12 December, 2018Scientific Paper ALMA Kids Publication
Astronomers have already cataloged nearly 4,000 exoplanets in orbit around distant stars. Though we have learned much about these newfound worlds, there is still much we do not know about the steps of planet formation and the precise cosmic recipes that spawn the wide array of planetary bodies we have already uncovered, including so-called hot Jupiters, massive rocky worlds, icy dwarf planets, and – hopefully someday soon – distant analogs of Earth.
To help answer these and other intriguing questions about the birth of planets, a team of astronomers using the Atacama Large Millimeter/submillimeter Array (ALMA)has conducted one of the deepest surveys ever of protoplanetary disks, the planet-forming dust belts around young stars.
“This specific Large Programis important because it takes one of the fundamental science goals of ALMA, which is to understand the process of planet formation and takes it from previous studies, which were either very small samples or single objects, to a completely new context, allowing statistical views” explains Stuartt Corder, Deputy Director of ALMA; “Are these kinds of structures common or rare? This more statistical approach allows researchers to answer questions that are much more fundamental to the process of planet formation.”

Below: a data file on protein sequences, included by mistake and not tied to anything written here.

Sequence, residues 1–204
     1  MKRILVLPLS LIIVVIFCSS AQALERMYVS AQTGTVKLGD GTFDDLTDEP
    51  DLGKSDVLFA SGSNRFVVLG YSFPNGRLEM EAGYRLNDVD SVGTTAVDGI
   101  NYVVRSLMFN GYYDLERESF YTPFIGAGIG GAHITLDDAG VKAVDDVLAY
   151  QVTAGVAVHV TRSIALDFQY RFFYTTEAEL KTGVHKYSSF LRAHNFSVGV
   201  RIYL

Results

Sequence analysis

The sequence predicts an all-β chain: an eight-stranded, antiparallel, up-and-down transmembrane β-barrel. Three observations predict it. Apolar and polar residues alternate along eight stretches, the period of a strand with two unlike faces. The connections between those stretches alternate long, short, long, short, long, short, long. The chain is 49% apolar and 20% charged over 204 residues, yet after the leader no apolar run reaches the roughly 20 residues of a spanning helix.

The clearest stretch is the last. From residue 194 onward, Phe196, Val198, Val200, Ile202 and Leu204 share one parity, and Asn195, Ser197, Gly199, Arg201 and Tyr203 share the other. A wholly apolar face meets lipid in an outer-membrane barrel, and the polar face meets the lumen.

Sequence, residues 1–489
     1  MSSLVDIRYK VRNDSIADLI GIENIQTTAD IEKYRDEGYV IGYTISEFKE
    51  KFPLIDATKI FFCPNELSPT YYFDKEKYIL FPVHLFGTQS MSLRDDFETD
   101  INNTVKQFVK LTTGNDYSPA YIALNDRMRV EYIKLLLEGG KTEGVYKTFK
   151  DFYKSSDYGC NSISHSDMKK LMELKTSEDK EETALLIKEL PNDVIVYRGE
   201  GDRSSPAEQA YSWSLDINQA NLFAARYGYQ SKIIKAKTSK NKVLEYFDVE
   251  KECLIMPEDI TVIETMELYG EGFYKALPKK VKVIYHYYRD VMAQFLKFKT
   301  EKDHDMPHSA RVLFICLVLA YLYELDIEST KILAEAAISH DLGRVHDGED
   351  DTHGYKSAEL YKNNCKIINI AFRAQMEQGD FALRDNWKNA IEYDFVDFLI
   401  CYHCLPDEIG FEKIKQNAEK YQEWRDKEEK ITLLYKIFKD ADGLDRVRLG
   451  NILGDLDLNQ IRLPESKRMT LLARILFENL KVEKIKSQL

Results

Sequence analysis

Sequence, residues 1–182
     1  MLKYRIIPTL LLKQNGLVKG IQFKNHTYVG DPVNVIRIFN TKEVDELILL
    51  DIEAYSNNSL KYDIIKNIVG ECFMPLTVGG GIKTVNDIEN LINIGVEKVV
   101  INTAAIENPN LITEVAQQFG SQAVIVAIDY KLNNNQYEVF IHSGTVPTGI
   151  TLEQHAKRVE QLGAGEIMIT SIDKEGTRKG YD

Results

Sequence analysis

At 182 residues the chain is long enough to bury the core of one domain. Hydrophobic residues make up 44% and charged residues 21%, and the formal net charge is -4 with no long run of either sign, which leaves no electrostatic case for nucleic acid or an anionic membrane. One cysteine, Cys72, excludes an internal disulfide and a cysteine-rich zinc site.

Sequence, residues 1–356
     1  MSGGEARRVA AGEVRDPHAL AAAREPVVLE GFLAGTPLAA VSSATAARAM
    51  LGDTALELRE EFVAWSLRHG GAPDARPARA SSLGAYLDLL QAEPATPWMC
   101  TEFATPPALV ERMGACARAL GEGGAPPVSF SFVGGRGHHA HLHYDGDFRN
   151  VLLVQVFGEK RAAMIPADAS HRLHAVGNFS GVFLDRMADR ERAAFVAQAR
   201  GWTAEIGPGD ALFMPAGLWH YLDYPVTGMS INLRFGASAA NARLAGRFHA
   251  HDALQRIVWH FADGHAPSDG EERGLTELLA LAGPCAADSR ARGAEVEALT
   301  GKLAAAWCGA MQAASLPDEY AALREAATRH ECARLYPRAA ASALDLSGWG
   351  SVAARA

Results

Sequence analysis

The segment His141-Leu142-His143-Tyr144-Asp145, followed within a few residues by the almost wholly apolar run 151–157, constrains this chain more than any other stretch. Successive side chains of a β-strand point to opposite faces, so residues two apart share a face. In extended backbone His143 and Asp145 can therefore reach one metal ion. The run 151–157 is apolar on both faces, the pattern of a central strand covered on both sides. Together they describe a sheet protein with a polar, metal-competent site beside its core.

Known as the Disk Substructures at High Angular Resolution Project (DSHARP), this Large Programof ALMA has yielded stunning, high-resolution images of 20 nearby protoplanetary disks and given astronomers new insights into the variety of features they contain and the speed with which planets can emerge.
The results of this survey are contained in a series of ten papers that are accepted for publication in the Astrophysical Journal Letters.
According to the researchers, the most compelling interpretation of these observations is that large planets, likely similar in size and composition to Neptune or Saturn, form quickly, much faster than current theory would indicate. The also tend to form in the outer reaches of their solar systems at tremendous distances from their host stars.